Stop Motion

Stop MotionShort animated films or “Shorts” are very popular now on video viewing sites such as YouTube. From the popular and all-time favorite Lego to the man and dog tandem of Wallace and Gomit, these shorts are not only popular to children all over the world but also to adults. But how do you create these shorts? You create them through STOP MOTION.

Stop motion is a software that enables anyone, professional or not, to bring inanimate objects to life through short films. It allows users to make a physically manipulated object appear to move on its own. The inanimate object is moved in small increments while it is captured individually in frames. The object captured in frames will create the illusion that the inanimate object is moving while the frame is played in a continuous sequence.

Most of the time, animators use dolls, clay or puppets for their animation. However, Stop Motion is not only limited to inanimate objects. At times, pictures of scenery and even humans are used for animations. A stop motion using clay is called “Clay-mation” or clay animation while a stop motion using objects is called “object animations”.

Compared to CGI, Stop motion offers lower entry price, superior texture display and the appeal of its distinct looks. The Stop Motion is often used in children’s programming and commercials and comic shows. Film makers such as Tim Burton used stop motion in making his 2005 film The Corpse Bride. The younger generation of film makers begins their experiments in movie making with stop motion, all thanks to modern stop motion software and online video publishing.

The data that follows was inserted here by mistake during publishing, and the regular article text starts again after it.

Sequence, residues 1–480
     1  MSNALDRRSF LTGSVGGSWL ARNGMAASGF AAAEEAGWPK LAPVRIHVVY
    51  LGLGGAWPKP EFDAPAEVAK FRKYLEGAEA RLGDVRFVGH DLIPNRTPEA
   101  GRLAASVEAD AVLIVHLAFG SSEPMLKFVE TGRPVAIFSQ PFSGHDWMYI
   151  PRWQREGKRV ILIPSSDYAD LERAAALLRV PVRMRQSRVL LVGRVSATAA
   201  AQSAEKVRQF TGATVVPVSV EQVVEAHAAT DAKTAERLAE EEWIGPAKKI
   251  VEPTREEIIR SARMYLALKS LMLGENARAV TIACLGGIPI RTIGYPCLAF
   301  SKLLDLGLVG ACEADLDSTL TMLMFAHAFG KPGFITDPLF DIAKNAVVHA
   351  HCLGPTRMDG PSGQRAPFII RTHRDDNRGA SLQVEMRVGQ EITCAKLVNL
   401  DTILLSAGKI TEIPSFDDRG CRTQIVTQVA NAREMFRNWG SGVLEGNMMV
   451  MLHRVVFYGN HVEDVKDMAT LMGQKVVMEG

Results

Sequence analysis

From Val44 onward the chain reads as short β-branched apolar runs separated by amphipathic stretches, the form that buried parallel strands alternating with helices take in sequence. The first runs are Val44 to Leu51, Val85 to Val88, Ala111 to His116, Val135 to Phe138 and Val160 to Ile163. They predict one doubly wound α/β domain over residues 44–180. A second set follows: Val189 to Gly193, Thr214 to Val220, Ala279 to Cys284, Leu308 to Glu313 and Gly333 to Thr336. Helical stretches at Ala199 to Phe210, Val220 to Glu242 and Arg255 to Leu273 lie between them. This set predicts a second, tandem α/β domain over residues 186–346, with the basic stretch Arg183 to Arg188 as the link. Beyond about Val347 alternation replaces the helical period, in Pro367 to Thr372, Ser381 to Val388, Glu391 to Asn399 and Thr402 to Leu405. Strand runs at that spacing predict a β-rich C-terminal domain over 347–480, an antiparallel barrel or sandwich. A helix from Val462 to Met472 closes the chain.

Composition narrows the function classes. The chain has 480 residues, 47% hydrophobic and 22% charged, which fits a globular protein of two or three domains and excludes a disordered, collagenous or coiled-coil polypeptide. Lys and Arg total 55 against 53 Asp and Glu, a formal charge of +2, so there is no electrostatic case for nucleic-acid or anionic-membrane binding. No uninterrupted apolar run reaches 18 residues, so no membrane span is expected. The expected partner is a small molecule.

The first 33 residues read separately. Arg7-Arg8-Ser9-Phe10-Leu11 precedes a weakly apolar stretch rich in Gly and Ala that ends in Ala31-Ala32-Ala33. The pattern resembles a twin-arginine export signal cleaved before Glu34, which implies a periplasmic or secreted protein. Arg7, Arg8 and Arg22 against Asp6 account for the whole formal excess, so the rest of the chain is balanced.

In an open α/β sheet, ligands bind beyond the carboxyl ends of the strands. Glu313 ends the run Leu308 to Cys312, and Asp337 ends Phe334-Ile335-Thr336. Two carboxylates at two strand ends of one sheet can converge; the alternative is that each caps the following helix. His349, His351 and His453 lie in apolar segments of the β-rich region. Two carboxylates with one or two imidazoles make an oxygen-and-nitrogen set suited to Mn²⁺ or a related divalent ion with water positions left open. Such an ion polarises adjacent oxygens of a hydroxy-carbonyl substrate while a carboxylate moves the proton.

Stop Motion in History

Stop motion has been around for a long time especially in the film making industry. Albert Smith and J. Stuart Blackton used stop motion for Vitagraph’s the Humpy Dumpy Circus which was released in 1897. The movie was about a toy circus of acrobats and animals that comes to life.

Stop motion was also used in certain scenes in the movies such as Fun in a Bakery Shop in 1902 and was also used in French trick films by Georges Melies. In 1907, J. Stuart Blackton released The Haunted Hotel and it was a massive success. Segundo de Chomon filmed and released El Hotel Eléctrico the same year, and used similar techniques as the Blackton film. In 1908, a film by Billy Bitzer entitled A Sculptor’s Welsh Rarebit Nightmare was released. Romeo Bossetti impressed audiences with his object animation tour-de-force, The Automatic Moving Company in Italy, 1912. The stop motion pioneer in Europe was Wladyslaw Starewicz, who created and released The Beautiful Lukanida in 1910, The Battle of the Stag Beetles also in 1910 and The Ant and the Grasshopper the year after.

Modelling Extraordinary was one of the first clay animation films which were released in 1912. Willie Hopkins’ 54 episodes of “Miracles in Mud” were released in December 1916 on the big screen. In the same year, the first woman animator, Helena Smith Dayton began her experiment on clay stop motion. She released her first film in 1917, an adaptation of William Shakespeare’s Romeo and Juliet.

Willies O’ Brien’s work on The Lost World is well known, but he is most admired for his work on King Kong, released in 1993, a milestone of his films made possible by stop motion animation.

After learning under O’Brien on the film Mighty Joe Young in 1949, Ray Harryhausen would go on to create memorable films over the next three decades. These included It came from beneath the sea (1955), Jason and the Argonauts (1963), The Golden Voyage of Sinbad (1973) and Clash of the Titans (1981).